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January 6th, 2011
03:20 PM ET

Vanity Hair

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I want to start by clearing one thing up. On Thursday's News Stream Kristie may have uttered the words "News Stream favorite" in conjunction with pint-sized pop star Justin Bieber. The clarification goes something like this: by "favorite" we meant someone whose Twitter antics cause us to raise our eyebrows, roll our eyes, and who we like to poke a little fun at (all in a good-natured way of course).

The thing is, Bieber - the boy, the micro-blogging phenomenon, the floppy hair - seems to be cropping up with alarming regularity on our program. Take Wednesday's "Over and Out There" segment for example. We were discussing the Twitter phenomenon #lessambitiousmovies, but how did we do it? By saying it was trending higher than Justin Bieber!

So today, there I was, prepping for our daily editorial meeting and guess which CNN blog caught my eye: Justin Bieber's New Year's resolutions. What could the boy-who-has-everything possibly wish for in 2011, I thought. Well apparently he has big plans. "This year, I mean, I hope that I win a Grammy, 'cause I'm up for two", the teen idol told MTV News.

So to the end of Thursday's News Stream. Our "Over and Out There" focused on a magazine that hits news-stands in New York today. The February edition of "Vanity Fair" contains an explosive portrait of WikiLeaks founder Julian Assange, complete with allegations of backroom bickering and legal wrangles.

But of course nobody is talking about that...because look who's on the front cover:

From Vanity Fair

Yes, you guessed it, Justin Bieber.

He's now sweet sixteen, but from this image he would be lying if he said he has never been kissed (well that, and the rumors circulating about the time he's spending with Disney favorite Selena Gomez).

It will shock few of you I'm sure to discover that the Canadian singer considers himself to be extraordinary; he told Vanity Fair that he is not a normal teenager. Just one of the quotes we pulled out of the interview may give you something of that impression: "I'm crazy, I'm nuts". It seems Justin's also got quite a high opinion of his personal appearance, telling readers that it is not his music, but his looks that make him irresistible to girls. "I'm not trying to be arrogant...but maybe I'm good-looking, right?" he asks. Well, I leave that up to you to decide...

And so we return to another of the pop star's New Year's resolutions, and one that could have Bieber fans in floods of tears. Justin has threatened to chop his mop-top!

Is the world ready for a balder Bieber? Will he, like Samson, lose his strength when his luscious locks are cut? Only time will tell.

Moreover, could this mean the end of News Stream's love-hate relationship with Justin Bieber? In the words of the teen star himself, "never say never". With six million followers on Twitter, his online presence is sometimes difficult to ignore (even if I wish I had never laid eyes on his bare-chested profile picture).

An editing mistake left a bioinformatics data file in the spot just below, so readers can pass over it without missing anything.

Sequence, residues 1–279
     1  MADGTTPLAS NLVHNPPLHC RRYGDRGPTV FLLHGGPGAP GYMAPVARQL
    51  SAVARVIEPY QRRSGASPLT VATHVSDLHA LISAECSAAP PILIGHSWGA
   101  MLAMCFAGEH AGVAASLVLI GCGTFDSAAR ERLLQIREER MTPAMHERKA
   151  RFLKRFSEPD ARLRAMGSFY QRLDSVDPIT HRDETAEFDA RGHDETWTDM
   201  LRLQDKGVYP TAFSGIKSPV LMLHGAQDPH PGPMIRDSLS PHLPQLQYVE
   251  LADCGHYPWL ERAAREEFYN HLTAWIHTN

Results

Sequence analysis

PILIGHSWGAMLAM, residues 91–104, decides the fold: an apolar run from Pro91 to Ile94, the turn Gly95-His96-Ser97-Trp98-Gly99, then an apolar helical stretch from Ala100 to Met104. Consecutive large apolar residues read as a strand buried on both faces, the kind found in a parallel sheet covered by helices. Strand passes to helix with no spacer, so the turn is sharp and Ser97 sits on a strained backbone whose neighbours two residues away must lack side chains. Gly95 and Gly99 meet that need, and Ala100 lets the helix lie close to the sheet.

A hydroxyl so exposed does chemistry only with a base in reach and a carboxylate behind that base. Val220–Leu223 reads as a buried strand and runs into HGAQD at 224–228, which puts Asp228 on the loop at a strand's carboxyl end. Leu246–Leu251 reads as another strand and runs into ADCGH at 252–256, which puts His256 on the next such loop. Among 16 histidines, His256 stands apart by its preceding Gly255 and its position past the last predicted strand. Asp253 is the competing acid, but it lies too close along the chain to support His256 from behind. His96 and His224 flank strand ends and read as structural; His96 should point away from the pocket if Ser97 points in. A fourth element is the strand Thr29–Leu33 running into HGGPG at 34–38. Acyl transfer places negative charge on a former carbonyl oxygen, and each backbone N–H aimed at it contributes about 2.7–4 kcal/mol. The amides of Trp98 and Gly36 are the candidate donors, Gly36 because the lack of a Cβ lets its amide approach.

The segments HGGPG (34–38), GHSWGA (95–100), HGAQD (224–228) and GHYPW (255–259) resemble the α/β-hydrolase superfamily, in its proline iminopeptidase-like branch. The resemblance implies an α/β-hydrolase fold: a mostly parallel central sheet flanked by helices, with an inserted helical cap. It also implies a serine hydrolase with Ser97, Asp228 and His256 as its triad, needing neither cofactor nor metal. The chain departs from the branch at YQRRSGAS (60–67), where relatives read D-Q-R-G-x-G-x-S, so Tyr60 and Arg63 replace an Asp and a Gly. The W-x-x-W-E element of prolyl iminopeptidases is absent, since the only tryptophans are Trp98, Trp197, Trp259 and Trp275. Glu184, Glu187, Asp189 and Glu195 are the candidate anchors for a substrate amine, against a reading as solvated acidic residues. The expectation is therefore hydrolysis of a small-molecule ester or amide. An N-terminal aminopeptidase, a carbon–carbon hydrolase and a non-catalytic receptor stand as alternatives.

For the record, my New Year's resolution is simply this: henceforth to leave the all mention of Justin to the "Beliebers" or even "True Beliebers". Or maybe just News Stream writer Nicol.

soundoff (2 Responses)
  1. Trisha

    I still will like Justin for who he is whether he chops his hair of not , i do agree that he is good looking but his music speaks and relates to his fans. but all i know is that lots of people like him for both.

    January 7, 2011 at 3:56 am | Reply
    • Rodrigo

      There is science to soprupt the theory that women who use chemical birth control methods are drawn to femininized looking men who appear non-threatening and weak. Women who are not using chemical birth control methods are more likely to be drawn to men who are more masculine and appear able to protect her and her future offspring.In addition, women who use chemical birth control excrete excess hormones into the water supply which are only partially filitered out. Over time the amount of these chemicals in the water supply has already caused changes in the development of several species of fish and makes its way into the drinking water and food supply of even those females NOT currently using chemical birth control, thus, to some degree, changing the tastes of females throughout the area affected. Different areas of the country have differing amounts of these chemicals in their water supply. I have known several women who were deemed infertile when living on the east coast who moved to Arizona (where we lived prior to May of last year) only to suddenly conceive! Arizona has a huge population of Catholic Hispanics and Native Americans and low rates of usage of chemical birth control (hence lower amounts in the water supply).

      May 20, 2012 at 11:16 am | Reply

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